Da Mayor: Always do the right thing.
Mookie: Dago, wop, guinea, garlic-breath, pizza-slingin', spaghetti-bendin', Vic Damone, Perry Como, Luciano Pavarotti, Sole Mio, nonsingin' motherfucker.
Mookie: Pino, who's your favorite basketball player?
Pino: Magic Johnson.
Mookie: And who's your favorite movie star?
Pino: Eddie Murphy.
Mookie: And who's your favorite rock star? Prince. You're a Prince freak.
Pino: Boss. Bruce.
Mookie: Pino, all you ever talk about is nigger this and nigger that, and all your favorite people are so-called niggers.
Pino: It's different. Magic, Eddie, Prince... are not niggers. I mean, they're not black, I mean - Let me explain myself. They're - They're not really black. I mean, they're black, but they're not really black. They're more than black. It's different.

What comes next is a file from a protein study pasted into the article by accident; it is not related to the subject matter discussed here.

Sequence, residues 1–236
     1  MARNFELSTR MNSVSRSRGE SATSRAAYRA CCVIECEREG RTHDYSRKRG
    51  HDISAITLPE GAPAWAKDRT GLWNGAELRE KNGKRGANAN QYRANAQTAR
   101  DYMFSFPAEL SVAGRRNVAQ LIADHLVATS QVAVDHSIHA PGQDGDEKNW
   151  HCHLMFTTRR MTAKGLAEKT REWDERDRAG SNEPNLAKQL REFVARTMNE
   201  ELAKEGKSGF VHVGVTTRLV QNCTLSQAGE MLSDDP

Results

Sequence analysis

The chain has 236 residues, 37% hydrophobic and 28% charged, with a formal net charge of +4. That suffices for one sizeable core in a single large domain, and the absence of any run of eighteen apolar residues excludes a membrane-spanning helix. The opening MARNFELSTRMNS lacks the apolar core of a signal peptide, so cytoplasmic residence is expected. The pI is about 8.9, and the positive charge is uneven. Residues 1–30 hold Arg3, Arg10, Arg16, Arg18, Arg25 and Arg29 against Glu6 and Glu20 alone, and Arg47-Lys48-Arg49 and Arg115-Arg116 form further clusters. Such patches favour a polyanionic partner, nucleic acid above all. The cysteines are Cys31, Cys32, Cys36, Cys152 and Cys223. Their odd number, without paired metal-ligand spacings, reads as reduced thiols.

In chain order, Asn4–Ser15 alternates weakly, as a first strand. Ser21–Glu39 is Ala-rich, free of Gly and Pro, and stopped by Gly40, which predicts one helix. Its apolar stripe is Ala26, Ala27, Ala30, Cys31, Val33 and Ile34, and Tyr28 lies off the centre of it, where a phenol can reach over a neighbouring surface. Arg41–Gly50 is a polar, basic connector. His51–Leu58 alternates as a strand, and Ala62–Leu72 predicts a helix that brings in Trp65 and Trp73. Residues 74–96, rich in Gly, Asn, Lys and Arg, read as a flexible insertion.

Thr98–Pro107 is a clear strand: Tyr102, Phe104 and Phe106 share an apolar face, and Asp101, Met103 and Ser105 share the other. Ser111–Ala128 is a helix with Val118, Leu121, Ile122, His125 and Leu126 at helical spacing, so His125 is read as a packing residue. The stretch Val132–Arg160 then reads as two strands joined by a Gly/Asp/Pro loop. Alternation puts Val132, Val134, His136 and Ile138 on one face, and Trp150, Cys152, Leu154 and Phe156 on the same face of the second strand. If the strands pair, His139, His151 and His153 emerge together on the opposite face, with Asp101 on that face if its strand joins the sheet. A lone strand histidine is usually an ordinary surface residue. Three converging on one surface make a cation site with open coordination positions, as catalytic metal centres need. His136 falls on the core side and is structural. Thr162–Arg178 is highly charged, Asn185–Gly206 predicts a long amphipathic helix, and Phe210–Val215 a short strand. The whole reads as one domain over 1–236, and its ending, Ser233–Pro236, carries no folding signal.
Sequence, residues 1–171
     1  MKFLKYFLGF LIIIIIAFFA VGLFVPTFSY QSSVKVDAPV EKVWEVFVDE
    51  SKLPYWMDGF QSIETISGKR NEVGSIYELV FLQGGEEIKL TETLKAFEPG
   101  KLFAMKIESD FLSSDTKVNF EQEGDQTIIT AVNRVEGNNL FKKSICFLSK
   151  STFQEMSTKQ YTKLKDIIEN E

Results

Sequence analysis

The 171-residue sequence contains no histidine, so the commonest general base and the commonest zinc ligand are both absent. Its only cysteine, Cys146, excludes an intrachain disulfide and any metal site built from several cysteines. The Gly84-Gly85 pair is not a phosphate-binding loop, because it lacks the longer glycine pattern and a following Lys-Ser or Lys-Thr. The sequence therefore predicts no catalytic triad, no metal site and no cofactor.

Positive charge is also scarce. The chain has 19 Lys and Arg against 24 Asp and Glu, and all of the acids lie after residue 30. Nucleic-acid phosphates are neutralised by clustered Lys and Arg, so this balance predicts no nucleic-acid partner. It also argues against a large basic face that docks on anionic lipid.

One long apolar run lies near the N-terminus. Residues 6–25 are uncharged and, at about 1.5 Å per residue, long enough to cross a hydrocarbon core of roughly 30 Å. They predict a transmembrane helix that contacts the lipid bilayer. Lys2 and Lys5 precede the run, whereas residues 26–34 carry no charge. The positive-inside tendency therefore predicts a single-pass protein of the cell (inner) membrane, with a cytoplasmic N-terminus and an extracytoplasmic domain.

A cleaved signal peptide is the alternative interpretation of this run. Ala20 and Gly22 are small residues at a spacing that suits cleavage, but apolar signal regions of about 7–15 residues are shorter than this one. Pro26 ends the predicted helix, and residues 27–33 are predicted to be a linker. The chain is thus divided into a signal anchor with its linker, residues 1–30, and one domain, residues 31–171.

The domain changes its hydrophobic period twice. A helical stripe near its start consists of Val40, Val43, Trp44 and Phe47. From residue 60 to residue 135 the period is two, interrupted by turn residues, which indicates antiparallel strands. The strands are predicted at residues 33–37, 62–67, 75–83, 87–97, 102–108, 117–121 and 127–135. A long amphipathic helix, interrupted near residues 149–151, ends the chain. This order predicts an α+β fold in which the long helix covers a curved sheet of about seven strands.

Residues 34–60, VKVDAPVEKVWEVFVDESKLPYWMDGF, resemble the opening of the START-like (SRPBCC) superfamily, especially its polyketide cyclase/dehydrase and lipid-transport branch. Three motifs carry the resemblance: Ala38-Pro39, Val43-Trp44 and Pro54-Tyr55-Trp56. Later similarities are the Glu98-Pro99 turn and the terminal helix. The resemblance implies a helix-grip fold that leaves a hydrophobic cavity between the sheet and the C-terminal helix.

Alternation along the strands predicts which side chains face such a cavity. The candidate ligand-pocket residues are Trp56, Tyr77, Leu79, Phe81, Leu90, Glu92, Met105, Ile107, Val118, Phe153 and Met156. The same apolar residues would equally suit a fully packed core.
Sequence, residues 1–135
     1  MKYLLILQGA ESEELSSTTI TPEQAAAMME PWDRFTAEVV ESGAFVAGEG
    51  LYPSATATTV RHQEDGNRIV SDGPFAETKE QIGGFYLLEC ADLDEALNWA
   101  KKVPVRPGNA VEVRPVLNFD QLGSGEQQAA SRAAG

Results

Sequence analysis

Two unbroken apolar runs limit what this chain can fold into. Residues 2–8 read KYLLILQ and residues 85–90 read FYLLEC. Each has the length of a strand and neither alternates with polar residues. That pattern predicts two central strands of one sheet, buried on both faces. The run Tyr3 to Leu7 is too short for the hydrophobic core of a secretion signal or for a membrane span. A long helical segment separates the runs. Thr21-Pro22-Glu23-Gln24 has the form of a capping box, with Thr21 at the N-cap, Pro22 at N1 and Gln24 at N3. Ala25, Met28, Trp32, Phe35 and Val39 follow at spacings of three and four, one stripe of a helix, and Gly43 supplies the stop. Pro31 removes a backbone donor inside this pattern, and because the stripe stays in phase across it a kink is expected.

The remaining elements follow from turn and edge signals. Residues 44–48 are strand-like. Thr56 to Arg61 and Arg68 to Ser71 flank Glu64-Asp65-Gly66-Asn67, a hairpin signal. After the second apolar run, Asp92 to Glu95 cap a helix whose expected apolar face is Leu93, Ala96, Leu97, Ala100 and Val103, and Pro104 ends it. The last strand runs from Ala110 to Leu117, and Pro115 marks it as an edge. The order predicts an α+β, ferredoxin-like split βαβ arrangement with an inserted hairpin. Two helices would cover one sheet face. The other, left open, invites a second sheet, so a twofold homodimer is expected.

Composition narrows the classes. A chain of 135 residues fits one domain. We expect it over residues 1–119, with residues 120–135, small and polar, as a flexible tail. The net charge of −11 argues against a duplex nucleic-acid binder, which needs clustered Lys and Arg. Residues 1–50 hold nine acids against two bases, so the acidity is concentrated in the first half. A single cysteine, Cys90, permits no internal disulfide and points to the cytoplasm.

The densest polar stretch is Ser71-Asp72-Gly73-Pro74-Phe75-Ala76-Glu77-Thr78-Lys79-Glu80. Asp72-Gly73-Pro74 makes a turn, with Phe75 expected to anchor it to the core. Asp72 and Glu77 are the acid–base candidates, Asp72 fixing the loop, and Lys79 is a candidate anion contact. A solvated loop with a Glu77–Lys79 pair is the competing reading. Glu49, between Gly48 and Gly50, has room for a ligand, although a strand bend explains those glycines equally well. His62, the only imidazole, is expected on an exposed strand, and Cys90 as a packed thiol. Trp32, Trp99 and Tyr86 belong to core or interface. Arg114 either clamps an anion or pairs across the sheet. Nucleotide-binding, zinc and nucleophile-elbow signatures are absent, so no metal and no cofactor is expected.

Mookie: It's different?
Pino: Yeah. To me, it's different.
Da Mayor: [after last night's riot] Hope the block is still standing.
Mother Sister: We're still standing.
ML: Well, gentlemen, the way I see it, if this hot weather continues, it's going to melt the polar caps and the whole wide world. And all the parts that ain't water already will surely be flooded.
Coconut Sid: You're a simple motherfucker. Now where you read that shit, eh? Polar caps...
ML: Don't worry about it. But when it happens, and I'm in my boat, and your black asses are drowning, don't call for me to throw you no rope, no lifesaver, or no nothing.
Sweet Dick Willie: You fool! You're 30 cents away from having a quarter! Where the fuck you gon' get a boat?
The Stanley Rubric:
Audience Score: 8.75 (86% Google, 89% RT)
Did Mookie do the right thing?
Is violence just?